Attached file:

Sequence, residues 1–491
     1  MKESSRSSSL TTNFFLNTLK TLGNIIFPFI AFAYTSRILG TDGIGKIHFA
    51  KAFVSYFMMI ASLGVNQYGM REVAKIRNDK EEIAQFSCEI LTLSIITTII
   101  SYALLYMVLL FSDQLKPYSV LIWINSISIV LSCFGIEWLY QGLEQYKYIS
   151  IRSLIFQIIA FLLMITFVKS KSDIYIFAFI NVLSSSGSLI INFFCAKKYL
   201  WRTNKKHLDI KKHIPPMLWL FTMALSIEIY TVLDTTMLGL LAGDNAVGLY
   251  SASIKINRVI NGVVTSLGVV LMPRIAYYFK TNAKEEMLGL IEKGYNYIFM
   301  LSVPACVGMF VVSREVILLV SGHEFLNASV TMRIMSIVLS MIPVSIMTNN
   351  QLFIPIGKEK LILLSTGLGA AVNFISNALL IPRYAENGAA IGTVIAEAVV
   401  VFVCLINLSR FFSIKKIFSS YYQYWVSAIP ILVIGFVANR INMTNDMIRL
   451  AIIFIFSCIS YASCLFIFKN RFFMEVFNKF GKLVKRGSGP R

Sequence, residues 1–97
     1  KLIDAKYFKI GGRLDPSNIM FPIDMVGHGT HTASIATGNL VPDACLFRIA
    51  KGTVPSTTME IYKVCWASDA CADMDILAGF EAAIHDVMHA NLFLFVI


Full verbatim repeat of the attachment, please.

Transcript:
Sequence, residues 1–491
     1  MKESSRSSSL TTNFFLNTLK TLGNIIFPFI AFAYTSRILG TDGIGKIHFA
    51  KAFVSYFMMI ASLGVNQYGM REVAKIRNDK EEIAQFSCEI LTLSIITTII
   101  SYALLYMVLL FSDQLKPYSV LIWINSISIV LSCFGIEWLY QGLEQYKYIS
   151  IRSLIFQIIA FLLMITFVKS KSDIYIFAFI NVLSSSGSLI INFFCAKKYL
   201  WRTNKKHLDI KKHIPPMLWL FTMALSIEIY TVLDTTMLGL LAGDNAVGLY
   251  SASIKINRVI NGVVTSLGVV LMPRIAYYFK TNAKEEMLGL IEKGYNYIFM
   301  LSVPACVGMF VVSREVILLV SGHEFLNASV TMRIMSIVLS MIPVSIMTNN
   351  QLFIPIGKEK LILLSTGLGA AVNFISNALL IPRYAENGAA IGTVIAEAVV
   401  VFVCLINLSR FFSIKKIFSS YYQYWVSAIP ILVIGFVANR INMTNDMIRL
   451  AIIFIFSCIS YASCLFIFKN RFFMEVFNKF GKLVKRGSGP R

Sequence, residues 1–97
     1  KLIDAKYFKI GGRLDPSNIM FPIDMVGHGT HTASIATGNL VPDACLFRIA
    51  KGTVPSTTME IYKVCWASDA CADMDILAGF EAAIHDVMHA NLFLFVI